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Friday, 31 March, 2000, 18:46 GMT 19:46 UK
Tech stock trouble
worldonline site
Recent flotations like WorldOnline have not impressed
Technology shares have continued to fall sharply on stock markets around the world.

The Nasdaq, which is seen as the strongest and most dynamic of all technology share markets, has lost more than 11% since it opened for business on Monday, and 12.5% since it's 5,048 points peak on 10 March.

Germany's Neuer Markt has had an even tougher time.

Since hitting a high of 9,694 points at the end of February, the market has dropped 23.5% to 7,415.

Some analysts speak of a "correction". But others wonder whether the "TMT bubble" of telecom, media and technology stocks is about to burst for good.

Nerves fraying

Investment guru Mark Mobius of Templeton Funds has warned that the price of some internet stocks could drop by as much as 90%.

Arnold Berman, technology strategist at SoundView Technology Group, says: "Nerves remain very frayed after the volatility this month."

But despite the warnings, the end of the internet world is not necessarily nigh.

Some analysts have predicted the end of the "internet bubble" for years. Early this years some economists saw the beginnings of a tech bear market with long and sustained losses.

They have been wrong, as every slump proved to be nothing more than a buying opportunity for investors who snapped up stocks at discount prices.

But there are signs that investors have now begun to look at the fundamentals of new economy firms.

"Before Nasdaq pierced 5,000 for the first time, investors were compensated for taking on risk, valuation did not matter", says SoundView's Arnold Berman.

"After we started to have choppy days, there was a new bias to care about risk and liquidity", he explains.

The losers

Some web stocks look positively close to extinction., a health advise web site, has dropped from a peak of $45 last summer to just over $3.5.

Big web names are in trouble too. Two years ago, CDNow, the of music retailing, saw its shares trade at just over $35. They are now selling for $3.85.

New internet firms have also failed to live up to the hype. Recent stock market flotations of firms like WorldOnline, and Lycos Europe have failed to impress.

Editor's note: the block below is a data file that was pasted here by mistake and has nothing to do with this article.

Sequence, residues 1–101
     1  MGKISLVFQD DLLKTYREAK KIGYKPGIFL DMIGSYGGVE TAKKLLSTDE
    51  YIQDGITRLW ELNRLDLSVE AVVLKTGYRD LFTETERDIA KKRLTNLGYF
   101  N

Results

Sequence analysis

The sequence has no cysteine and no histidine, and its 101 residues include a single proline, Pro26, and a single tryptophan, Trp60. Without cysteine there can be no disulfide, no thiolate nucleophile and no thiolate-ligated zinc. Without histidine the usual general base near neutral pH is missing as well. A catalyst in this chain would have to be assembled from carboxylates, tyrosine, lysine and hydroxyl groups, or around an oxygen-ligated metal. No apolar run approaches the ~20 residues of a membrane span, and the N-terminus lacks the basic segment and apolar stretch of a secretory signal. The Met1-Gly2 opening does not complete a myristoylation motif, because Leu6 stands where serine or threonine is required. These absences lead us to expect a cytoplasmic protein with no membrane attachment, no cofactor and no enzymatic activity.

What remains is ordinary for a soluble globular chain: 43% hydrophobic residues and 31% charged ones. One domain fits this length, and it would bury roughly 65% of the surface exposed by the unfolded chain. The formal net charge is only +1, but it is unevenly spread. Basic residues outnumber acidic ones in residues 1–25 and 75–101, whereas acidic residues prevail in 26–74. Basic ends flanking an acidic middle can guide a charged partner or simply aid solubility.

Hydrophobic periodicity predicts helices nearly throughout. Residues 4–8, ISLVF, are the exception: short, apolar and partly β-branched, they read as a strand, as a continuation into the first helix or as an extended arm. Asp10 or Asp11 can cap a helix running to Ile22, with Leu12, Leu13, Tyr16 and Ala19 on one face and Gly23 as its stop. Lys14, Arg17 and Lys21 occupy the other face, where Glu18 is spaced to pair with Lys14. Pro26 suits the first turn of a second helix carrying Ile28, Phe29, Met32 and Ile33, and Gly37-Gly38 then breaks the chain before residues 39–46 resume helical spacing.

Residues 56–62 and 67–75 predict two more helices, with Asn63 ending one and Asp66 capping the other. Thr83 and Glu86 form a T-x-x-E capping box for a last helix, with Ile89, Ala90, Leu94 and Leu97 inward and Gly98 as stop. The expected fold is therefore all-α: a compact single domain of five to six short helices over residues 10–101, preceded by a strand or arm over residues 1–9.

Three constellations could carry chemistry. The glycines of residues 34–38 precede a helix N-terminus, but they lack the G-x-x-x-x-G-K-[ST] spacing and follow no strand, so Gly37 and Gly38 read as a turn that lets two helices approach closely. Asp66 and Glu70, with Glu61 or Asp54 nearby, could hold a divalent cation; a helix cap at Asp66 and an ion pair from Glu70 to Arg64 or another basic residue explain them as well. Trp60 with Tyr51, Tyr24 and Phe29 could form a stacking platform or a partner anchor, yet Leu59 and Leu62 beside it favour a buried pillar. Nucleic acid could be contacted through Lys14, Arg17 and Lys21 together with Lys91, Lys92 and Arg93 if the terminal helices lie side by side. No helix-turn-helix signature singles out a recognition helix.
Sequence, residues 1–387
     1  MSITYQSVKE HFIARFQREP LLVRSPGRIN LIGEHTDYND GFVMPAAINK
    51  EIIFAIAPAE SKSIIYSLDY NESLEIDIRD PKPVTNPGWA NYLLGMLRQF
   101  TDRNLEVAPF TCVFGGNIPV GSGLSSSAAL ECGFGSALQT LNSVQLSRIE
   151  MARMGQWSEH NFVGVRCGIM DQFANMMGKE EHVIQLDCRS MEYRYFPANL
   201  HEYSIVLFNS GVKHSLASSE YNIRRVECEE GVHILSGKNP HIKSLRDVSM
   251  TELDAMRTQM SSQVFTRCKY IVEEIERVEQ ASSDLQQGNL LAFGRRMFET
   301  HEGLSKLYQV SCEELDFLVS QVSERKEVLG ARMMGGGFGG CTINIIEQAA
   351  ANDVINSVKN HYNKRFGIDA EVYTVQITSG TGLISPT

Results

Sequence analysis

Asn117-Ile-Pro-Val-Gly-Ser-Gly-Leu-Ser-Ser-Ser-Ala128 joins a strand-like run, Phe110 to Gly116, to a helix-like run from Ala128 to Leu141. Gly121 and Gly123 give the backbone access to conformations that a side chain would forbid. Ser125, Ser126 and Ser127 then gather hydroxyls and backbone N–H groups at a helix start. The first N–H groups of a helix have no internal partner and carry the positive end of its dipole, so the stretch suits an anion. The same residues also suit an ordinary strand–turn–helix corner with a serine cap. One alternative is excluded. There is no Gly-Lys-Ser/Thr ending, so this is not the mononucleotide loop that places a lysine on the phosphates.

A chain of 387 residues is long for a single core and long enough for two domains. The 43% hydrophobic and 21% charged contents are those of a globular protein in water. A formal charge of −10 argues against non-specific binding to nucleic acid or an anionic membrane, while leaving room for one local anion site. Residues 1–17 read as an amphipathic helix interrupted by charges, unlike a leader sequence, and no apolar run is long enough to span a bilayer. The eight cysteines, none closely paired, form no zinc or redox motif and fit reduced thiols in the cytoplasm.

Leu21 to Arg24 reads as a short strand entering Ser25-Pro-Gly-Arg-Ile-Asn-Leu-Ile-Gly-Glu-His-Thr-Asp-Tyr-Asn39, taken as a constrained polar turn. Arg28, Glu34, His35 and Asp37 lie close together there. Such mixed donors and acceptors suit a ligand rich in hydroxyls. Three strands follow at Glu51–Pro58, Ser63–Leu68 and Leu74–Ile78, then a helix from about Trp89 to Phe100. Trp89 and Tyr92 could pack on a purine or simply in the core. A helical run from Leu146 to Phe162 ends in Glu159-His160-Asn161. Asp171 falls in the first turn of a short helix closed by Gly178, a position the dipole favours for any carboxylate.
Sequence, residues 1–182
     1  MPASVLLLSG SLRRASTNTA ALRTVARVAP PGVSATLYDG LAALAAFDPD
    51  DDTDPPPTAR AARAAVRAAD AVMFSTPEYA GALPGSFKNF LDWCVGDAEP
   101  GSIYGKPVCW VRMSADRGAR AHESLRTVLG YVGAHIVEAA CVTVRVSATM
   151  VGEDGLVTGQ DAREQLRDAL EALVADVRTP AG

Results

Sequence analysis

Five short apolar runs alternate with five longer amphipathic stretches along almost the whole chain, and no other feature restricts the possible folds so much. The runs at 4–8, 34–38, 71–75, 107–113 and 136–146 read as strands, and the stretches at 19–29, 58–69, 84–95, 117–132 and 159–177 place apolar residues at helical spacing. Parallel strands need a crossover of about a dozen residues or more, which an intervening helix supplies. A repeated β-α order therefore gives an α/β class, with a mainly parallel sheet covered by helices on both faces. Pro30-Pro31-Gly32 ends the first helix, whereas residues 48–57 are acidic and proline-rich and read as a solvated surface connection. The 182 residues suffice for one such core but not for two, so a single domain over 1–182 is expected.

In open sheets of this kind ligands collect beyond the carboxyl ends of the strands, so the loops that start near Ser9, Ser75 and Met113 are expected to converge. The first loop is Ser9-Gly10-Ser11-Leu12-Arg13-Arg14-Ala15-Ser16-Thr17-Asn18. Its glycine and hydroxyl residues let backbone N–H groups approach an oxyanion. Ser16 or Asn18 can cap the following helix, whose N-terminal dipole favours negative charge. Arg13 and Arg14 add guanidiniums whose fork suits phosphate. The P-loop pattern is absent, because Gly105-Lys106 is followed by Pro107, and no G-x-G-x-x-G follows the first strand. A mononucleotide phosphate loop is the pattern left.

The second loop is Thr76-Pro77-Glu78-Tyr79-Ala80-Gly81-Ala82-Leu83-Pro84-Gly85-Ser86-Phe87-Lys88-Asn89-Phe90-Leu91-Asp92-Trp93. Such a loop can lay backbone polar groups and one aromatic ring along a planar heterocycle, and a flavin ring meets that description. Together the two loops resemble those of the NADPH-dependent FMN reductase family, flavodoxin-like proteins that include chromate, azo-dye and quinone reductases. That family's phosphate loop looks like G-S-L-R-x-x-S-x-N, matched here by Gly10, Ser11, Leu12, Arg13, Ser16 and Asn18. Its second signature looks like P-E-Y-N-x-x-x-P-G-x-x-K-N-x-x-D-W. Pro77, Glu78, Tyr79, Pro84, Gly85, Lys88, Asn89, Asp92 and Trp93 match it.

Deutsche Telekom has been forced to lower its target price for the flotation of its internet business T-Online, down from 50 euros to about 35 euros if not less.

In the United States, the majority of technology flotations have fallen below their issue price.

The UK has seen its tech stocks get into trouble too.

Just days after FTSE International promoted nine technology stocks to the FTSE 100, the City's key share index, these shares went on a downward spiral.

Eight of the nine firms have dropped between 10 and 28 places since, and some of them could well drop out of the FTSE 100 again at the next revision in June.

The winners

But there are winners.

Italy's internet and telecoms newcomer e.Biscom defied the trend and saw its share price surge another 30% on its second day of trading.

The firm's market value is now more than 500 times of its projected sales in 2000. This takes e.Biscom to 13.7bn euros (£8.22bn) and makes it larger than Fiat (10.3bn euros) and Tiscali (11.9bn euros), which is another new internet company.

Another stalwart of the internet economy is doing nicely too.

Cisco Systems, which makes routers and other networking products that form the technical backbone of the internet, managed briefly to overtake Microsoft as the world's most valuable company.

Both companies keep jostling for the number one spot, and during Friday Microsoft was ahead by about $38bn, an advantage that can easily wiped out in a day's trading.

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